Government should use art works to convey its policies to society for effect and results , says artist

Written by on August 9, 2018

Temitayo Otun, a visual artist, on Wednesday advised the three tiers of government to employ art works to convey their policies to the society.

Otun said such policies would be better understood by the public and remain permanently ingrained in their memories for long and have positive effect.

He told the News Agency of Nigeria (NAN) in Lagos that there was a dwindling interest in arts because the stakeholders and government had not been promoting the sector as it should be.

“If the art sector is going to thrive; if art works are going to survive, then the public must be made to recognise their importance when government used it to promote its policies.

“Arts should be used to illustrate and communicate government policies, happenings and development to the society for effect and remain permanent with them for long.

“Visual art involves everything we use; it is our creative ability that brought about good things we use. We should embrace it, appreciate it,’’ he said.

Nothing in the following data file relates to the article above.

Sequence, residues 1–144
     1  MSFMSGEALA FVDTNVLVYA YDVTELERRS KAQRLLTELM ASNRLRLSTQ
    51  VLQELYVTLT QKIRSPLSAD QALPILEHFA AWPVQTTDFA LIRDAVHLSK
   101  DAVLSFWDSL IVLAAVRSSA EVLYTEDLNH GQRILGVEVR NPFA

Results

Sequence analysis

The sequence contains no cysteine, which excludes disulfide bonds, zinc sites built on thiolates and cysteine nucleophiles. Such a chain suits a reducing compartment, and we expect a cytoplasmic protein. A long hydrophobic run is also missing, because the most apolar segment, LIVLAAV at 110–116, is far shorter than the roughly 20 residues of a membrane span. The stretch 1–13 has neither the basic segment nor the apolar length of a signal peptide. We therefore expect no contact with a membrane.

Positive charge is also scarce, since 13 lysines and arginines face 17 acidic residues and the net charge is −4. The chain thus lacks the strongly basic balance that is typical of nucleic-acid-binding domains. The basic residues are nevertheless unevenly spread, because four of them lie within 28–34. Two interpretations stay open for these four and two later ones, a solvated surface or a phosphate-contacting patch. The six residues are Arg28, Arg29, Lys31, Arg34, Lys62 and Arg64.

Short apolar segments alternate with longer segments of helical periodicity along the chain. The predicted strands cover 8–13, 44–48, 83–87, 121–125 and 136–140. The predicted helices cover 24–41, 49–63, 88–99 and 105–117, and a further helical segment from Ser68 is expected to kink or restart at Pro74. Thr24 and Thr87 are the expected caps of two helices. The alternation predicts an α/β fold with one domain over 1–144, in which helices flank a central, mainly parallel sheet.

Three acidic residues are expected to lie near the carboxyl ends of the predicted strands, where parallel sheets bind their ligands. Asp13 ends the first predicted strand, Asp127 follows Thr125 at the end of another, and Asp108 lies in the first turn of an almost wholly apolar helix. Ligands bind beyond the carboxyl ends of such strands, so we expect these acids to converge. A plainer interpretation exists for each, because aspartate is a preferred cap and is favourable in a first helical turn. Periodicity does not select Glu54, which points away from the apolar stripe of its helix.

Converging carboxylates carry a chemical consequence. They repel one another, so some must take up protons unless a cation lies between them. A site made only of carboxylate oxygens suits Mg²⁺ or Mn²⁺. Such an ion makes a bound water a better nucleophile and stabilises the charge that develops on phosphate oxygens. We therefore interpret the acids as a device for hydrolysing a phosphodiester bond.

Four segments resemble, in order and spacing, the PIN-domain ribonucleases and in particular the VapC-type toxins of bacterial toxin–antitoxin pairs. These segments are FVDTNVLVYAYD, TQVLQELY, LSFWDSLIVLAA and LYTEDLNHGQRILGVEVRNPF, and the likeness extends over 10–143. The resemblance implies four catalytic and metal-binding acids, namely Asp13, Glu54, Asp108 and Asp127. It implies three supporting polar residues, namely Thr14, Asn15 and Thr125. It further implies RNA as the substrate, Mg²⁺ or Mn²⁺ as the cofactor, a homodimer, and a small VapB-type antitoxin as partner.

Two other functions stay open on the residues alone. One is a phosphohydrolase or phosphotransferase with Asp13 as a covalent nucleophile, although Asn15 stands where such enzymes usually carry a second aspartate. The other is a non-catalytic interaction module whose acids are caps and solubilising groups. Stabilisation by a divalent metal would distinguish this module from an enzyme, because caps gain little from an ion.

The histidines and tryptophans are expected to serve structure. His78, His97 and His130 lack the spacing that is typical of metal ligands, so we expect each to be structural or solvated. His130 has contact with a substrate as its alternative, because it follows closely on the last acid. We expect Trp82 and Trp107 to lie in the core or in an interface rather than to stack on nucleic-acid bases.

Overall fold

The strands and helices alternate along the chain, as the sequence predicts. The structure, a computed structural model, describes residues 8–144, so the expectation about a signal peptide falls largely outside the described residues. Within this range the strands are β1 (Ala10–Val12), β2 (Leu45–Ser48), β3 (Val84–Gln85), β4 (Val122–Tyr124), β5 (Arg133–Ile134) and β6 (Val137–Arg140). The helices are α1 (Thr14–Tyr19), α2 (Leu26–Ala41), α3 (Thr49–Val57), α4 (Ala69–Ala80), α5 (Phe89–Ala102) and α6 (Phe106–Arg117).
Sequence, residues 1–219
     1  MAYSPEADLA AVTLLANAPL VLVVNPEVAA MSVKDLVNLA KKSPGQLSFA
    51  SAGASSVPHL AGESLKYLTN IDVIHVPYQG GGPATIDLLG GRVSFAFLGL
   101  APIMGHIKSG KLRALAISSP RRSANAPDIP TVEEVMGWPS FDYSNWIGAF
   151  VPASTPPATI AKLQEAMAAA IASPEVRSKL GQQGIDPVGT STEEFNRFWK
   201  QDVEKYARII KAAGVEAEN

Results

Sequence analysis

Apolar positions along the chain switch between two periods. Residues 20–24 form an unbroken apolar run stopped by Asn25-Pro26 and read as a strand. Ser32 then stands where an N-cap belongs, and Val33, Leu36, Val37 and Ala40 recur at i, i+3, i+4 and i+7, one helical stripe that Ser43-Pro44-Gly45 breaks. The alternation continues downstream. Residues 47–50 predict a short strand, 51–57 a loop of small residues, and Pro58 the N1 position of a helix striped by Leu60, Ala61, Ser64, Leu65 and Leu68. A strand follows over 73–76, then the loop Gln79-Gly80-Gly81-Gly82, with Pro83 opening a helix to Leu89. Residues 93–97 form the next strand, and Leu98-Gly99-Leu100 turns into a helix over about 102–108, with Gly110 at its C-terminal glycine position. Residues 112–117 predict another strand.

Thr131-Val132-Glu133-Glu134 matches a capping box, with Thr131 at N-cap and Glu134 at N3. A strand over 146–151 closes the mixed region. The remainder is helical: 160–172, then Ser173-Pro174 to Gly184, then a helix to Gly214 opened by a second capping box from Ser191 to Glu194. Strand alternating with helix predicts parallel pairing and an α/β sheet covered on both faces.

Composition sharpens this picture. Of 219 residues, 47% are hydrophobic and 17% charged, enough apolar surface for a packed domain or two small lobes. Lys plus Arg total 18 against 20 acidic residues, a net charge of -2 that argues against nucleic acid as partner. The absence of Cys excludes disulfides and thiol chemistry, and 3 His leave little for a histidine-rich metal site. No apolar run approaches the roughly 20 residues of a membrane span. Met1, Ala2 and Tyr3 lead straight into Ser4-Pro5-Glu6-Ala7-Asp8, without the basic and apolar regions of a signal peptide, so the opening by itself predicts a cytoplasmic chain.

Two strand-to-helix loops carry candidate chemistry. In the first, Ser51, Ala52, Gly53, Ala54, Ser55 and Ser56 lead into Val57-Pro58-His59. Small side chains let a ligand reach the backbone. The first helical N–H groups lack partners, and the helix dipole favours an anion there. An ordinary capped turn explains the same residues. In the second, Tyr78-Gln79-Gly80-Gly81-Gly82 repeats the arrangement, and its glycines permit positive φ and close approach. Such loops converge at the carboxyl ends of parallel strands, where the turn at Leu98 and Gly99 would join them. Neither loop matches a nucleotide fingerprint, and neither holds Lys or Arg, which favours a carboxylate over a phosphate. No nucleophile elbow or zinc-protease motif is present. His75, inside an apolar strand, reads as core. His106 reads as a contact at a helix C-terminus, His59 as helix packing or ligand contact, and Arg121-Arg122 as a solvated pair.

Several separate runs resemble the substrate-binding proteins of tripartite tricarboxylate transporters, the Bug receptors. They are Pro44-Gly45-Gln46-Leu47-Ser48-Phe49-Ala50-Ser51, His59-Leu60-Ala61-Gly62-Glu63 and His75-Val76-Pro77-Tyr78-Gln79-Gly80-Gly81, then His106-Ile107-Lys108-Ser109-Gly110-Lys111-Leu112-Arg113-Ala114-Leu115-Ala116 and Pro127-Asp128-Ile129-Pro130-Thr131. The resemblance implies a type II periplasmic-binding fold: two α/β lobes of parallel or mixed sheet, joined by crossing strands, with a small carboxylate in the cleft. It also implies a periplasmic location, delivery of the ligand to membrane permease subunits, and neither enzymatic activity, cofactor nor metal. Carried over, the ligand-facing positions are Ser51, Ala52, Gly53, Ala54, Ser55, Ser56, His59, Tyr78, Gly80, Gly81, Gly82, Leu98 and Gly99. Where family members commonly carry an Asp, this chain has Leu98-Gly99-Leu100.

Otun said that this would encourage more members of the public to patronize works of arts and lift it to its pride of place.

He said that the country needed people who could make case for a better appreciation of art works and its importance.

He noted that government should support it and throw its full weight behind art.

“We have to constantly showcase our arts to the world through festivals because it is the only way people can come and see the art potential of the country,’’ he said.

Otun, however, said that the public did not appreciate the arts because of the advent of technology.

He said that the social media, the television, the internet, films, video games and cinemas had taken over the natural art.

He noted that the variants of the social media had become the biggest challenge militating against the arts, because the world had been living in an electronic culture.

“We have lost almost all of our connections with the past,’’ he said.

He advised artists and intellectuals to always dialogue to guard against the African culture from dying.

Otun said that the society should be re orientated to accept arts as part of our value systems and not things belonging to the deities which should not be touched.

“You find out that you have to make a larger and more inclusive case for the importance of what you are doing,” he said.

Otun, popularly known as “Dilo’’ is also a musician, a rapper, singer and a song writer.


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